On The Cult Cast:
- We’ve found even MORE of the weirdest and wackiest Apple products that time forgot
- The best new features in iOS 10.3 and macOS 10.12.4.
- Rumors mills say Apple may resurrect the PowerBook!
- iPhone 8 rumors point to a backside TouchID
- The sources of Steve Jobs best one-liners
- A wobbly British guy tries to ski
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- We also want to give Kevin MacLeod at Incompetech.com a thanks for the great music you hear on today’s show.
On the show this week:
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Notes and Links:
- A (somewhat sketchy) new report claims that the tenth anniversary iPhone, commonly referred to as the iPhone 8, will instead by called the iPhone Edition.
- In addition, it suggests that the major form factor redesign that’s been reported on may turn out to be less drastic than some are imagining — although changes will include features like a rear-mounted Touch ID sensor.
- According to the report, which is accompanied by renders showing the design, the iPhone Edition won’t feature a Touch ID sensor embedded beneath the display, but rather a fingerprint scanner on the rear of the device.
- It also won’t come with the glass back plate, but will instead stick to having a metal back plate as the result of glass’ tendency to shatter when dropped
- A couple of news outlets are flipping their lid over the news that Apple has filed a new worldwide trademark for the word “PowerBook,” the name of Apple’s pre-MacBook laptop series, which ran from 1991 until 2006.
- In fact, a lot of Apple’s trademarks are about stopping its assets falling into other company’s hands — as happened when rival watchmaker Swatch decided to trademark Steve Jobs’ iconic “One more thing” catchphrase, shortly after Apple began competing with it in the watch business.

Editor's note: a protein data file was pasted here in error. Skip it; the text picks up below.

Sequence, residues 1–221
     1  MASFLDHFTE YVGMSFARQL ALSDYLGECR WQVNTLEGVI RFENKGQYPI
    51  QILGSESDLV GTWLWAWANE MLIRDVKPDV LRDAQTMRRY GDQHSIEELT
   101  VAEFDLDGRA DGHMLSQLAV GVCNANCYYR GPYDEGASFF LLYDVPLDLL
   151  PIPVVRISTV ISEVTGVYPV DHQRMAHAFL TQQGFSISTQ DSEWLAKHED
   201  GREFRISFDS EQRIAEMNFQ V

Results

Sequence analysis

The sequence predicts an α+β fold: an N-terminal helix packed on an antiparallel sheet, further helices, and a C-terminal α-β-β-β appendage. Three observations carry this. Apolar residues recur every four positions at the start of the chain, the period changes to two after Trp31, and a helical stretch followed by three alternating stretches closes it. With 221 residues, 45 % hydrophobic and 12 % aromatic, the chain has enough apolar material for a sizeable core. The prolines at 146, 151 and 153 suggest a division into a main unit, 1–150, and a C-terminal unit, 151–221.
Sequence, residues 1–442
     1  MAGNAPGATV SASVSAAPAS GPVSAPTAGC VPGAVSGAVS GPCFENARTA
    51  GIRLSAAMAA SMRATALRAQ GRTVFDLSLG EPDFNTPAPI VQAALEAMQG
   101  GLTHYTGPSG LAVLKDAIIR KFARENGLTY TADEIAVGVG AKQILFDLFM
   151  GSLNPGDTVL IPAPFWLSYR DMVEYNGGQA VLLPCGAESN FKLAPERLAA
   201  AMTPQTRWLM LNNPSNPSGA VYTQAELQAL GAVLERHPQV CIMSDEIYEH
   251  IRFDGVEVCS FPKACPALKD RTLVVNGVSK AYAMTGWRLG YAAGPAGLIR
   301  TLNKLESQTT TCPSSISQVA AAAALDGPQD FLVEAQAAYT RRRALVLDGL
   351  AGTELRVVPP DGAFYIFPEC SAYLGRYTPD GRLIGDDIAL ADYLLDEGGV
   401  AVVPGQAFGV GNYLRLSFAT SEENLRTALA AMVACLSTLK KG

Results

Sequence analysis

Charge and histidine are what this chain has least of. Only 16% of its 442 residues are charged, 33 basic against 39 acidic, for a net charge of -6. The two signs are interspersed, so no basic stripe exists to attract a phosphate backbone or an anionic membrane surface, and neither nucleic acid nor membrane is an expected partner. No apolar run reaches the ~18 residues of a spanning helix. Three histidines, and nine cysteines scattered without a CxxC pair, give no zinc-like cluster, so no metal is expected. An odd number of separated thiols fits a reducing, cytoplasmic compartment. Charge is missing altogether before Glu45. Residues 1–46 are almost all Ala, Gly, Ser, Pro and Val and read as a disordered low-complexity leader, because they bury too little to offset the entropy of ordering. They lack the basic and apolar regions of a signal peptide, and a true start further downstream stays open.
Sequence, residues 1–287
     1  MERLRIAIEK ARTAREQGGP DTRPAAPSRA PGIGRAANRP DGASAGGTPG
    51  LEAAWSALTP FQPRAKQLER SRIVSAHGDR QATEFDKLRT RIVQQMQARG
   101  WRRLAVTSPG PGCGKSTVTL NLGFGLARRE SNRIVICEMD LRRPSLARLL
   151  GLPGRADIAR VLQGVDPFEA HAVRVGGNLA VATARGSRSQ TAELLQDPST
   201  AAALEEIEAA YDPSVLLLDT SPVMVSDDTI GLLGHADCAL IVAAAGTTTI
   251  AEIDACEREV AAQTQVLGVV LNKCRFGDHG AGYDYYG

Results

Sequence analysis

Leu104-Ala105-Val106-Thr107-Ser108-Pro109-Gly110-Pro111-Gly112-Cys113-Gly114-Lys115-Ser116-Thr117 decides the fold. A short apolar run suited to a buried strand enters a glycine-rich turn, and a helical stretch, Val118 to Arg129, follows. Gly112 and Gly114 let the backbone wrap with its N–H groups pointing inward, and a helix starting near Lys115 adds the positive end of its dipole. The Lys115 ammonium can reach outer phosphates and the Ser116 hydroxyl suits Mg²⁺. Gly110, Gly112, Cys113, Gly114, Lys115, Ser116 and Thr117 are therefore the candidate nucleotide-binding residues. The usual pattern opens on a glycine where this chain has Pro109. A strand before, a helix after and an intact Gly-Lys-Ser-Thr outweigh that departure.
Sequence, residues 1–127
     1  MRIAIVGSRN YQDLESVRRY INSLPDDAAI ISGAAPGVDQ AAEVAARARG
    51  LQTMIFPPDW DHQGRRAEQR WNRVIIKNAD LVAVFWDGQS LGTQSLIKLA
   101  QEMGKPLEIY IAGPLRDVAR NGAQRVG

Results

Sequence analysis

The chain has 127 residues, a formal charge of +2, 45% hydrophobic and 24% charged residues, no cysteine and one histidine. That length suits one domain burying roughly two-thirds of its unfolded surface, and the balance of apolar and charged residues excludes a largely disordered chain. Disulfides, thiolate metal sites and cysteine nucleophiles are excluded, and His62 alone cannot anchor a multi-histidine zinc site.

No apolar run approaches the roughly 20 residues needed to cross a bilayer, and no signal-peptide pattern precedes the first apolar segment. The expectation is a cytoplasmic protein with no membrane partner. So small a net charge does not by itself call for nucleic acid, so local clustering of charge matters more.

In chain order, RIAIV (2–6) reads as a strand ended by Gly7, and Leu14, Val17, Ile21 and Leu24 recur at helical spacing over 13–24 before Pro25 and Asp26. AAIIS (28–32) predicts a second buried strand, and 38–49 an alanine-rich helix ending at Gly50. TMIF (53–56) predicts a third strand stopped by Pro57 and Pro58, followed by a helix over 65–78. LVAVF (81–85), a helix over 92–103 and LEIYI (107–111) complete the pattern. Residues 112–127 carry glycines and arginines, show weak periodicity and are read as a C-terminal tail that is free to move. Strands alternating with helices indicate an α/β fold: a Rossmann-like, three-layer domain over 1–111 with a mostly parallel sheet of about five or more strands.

- This isn’t the first time Apple has had people try to pilfer its well-known “One more thing” phrase. At the launch of Apple ripoff artist Xiaomi’ Mi 4 smartphone, CEO Lei Jun “borrowed” Apple’s tagline while also wearing a black top and blue jeans.
- The trademark was registered in Germany in May, but was granted in 2015.
- It was originally a quotation by Jobs of Peter Falk’s Columbo character
- “Stay hungry, stay foolish” - Whole Earth Catalog, a magazine Steve Jobs loved.
- one of the first Macs to be designed by Jony Ive, and it paved the way for the vertical design of computer that forms today’s iMacIt looked like a movie prop. The beautiful machine every 90s CEO would covet.
- April 1, 1996 marked 20 years since the day that Steve Jobs, Steve Wozniak, and Ronald Wayne came together to form Apple Computer, and they decided to release the 20th Anniversary Mac to celebrate this momentous occasion.
- It featured a a TV/FM tuner, an S-Video input card, and a custom-made Bose sound system including two “Jewel” speakers, and a subwoofer built into the externally located power supply “base unit”.
- Upon unveiling, the TAM was predicted to cost US$9,000, which would include a direct-to-door concierge delivery service. At release the price was reduced to $7,499. Problem was, it similar performance as the PowerMac 6500, a machine costing just $2,999.
- In the middle of its sales’ lifespan Apple dropped the price further to around US$3,500, and finally upon discontinuation in March 1998 the price was set to US$1,995. Customers who paid full price for the TAM, and then complained to Apple when the price was so drastically cut, were offered a free high-end Powerbook as compensation.
It’s hard to imagine, but there was actually a time when the Apple freely shared its concepts with the world. In 1991, under the leadership of John Scully, Apple shared a bunch of design concepts with a Japanese magazine called Axis.
One of the strange products included in the spread was a wearable wrist computer called TimeBand. Like an iPad mini living on your wrist!